Observers and Observables in Physical Theory  

Observers > s.a. Covariance; reference frames [including accelerated].
* Types of observers: Lagrangian (non surface-forming observers) or Eulerian (surface-forming ones, or hypersurface-orthogonal), inertial or non-inertial.
* Observer space: The 'observer space' of a Lorentzian spacetime is the space of future-timelike unit tangent vectors.
@ Role of observers: Klajn & Smolić EJP(13)-a1302 [comments]; Knuth CP(14)-a1310 [observer-centric physics]; Clough a1801 [3+1 description vs 4D spacetime description]; Ben-Ya'acov a2007 [observers within physical systems and incompleteness of theories]; Contreras-Tejada et al a2102 [agreement between observers as a physical principle]; > s.a. Agency.
@ Accelerated observers: Mashhoon AdP(13)-a1211 [non-local connection between non-inertial and inertial observers]; Kolekar PRD(14) [in a thermal bath]; > s.a. observables in classical gravity [non-inertial].
@ In general spacetimes: Page CQG(98)gq/97 [stationary axisymmetric, maximal acceleration]; Garat JMP(05)-a1306 [Euler observers in geometrodynamics]; Dahia & Felix da Silva GRG(11)-a1004 [static]; Dupré a1403 [two symmetric tensors observed to be equal by all observers at a specific event are necessarily equal at that event]; Chęcińska & Dragan PRA(15)-a1509 [communication between observers without a shared reference frame].
@ Physics in observer space: Gielen & Wise JMP(13)-a1210 [observer-space formulation of general relativity]; Gielen PRD(13)-a1301 [observer-space geometry].
@ In quantum theory: Konishi IJMPB(12)-a1212 [and time-reparametrization symmetry]; Ahluwalia IJMPD(17)-a1706-GRF [in quantum gravity]; Vedral a1803 [can an observer know he/she is in a superposition?]; Stoica a2008 [without observers]; Nyman a2010 [observer theories]; > s.a. origin of quantum theory; types of interpretations.

Observables > s.a. information; Observers.
$ Idea: When there are no constraints, an observable for a classical theory is any measurable function on the phase space Γ for a theory; In quantum theory, this leads to operators on the Hilbert space of the theory; Since classical observables are usually real, quantum operators are usually self-adjoint.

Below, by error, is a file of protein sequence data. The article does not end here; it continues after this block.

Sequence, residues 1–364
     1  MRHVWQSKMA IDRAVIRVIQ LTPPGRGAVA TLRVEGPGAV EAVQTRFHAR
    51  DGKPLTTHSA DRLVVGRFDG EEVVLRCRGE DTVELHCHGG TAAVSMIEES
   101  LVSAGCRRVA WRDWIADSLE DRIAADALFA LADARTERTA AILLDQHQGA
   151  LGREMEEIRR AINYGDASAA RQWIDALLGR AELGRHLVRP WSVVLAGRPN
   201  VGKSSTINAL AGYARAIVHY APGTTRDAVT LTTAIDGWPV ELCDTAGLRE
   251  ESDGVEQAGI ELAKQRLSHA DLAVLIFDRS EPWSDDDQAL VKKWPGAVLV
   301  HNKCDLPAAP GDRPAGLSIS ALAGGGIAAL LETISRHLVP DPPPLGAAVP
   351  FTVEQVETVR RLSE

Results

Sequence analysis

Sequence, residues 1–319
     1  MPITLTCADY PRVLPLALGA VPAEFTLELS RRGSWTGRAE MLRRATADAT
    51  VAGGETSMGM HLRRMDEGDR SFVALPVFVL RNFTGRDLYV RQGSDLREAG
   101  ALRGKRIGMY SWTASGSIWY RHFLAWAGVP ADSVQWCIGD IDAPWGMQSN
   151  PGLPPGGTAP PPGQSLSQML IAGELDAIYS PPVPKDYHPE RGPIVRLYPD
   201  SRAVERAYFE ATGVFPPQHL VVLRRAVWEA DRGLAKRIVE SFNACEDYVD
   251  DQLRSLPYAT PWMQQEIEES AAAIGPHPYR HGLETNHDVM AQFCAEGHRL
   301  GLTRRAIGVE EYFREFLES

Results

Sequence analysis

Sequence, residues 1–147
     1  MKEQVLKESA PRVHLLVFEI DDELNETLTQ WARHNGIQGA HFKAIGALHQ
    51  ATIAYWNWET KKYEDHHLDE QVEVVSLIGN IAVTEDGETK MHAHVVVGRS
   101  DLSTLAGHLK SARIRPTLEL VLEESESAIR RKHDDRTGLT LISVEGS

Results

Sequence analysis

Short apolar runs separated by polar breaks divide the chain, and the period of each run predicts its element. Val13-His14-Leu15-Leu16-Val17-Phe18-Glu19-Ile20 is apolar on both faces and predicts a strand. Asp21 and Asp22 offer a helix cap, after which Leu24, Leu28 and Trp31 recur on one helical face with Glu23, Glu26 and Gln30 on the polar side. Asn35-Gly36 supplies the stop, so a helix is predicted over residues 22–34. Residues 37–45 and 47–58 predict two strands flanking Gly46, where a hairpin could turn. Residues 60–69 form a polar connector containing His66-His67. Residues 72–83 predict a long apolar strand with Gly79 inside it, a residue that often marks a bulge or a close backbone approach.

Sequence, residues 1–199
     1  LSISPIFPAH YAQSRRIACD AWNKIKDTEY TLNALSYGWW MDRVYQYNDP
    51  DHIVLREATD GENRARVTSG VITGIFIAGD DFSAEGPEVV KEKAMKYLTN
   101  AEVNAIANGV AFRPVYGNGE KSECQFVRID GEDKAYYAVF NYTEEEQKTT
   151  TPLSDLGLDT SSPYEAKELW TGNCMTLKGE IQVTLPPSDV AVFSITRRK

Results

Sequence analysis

* Remark: There are observables for which actually constructing a measuring apparatus is difficult or impossible.
* Linear theory: Linear observables are labelled by vectors XΓ, and given by wX(V) = Ω(X, V), for all VΓ.
* Theory with constraints: In addition, (for Dirac observables) the Poisson brackets with the constraints must weakly vanish.
@ General references: Fernández PLA(03) [perturbative]; de Groote mp/06; Hartmann FP-a1504 [and foundations of physics]; Anderson a1505 [differential equations]; Zalamea a1711 [two-fold role of observables]; Morchio & Strocchi a2102 [and manifold topology, gauge group].
@ Theories with constraints: Lusanna ht/95-conf [presymplectic approach]; Hájíček CQG(96)gq/95 [and time evolution]; Lucenti et al JPA(98) [N relativistic particles]; Dütsch & Fredenhagen CMP(99)ht/98 [gauge theories]; Bratchikov IJGMP(07)ht/04 [space of orbits vs gauge fixing], JGP(06) [second-class]; Hellmann a0812 [kinematic observables, physical interpretation]; Pons et al PRD(09)-a0905 [generally covariant theories and gauge]; Quadri EPJC(10)-a1007 [non-linearly realized gauge theories]; Pitts FP-a1907 [Hamiltonian Einstein-Maxwell theory]; Chataignier a1910 [and emergent WKB time].

Related Topics > see Coarse-Graining; conservation laws; lattice theories [observable currents]; structure of physical theories [unobservable quantities].

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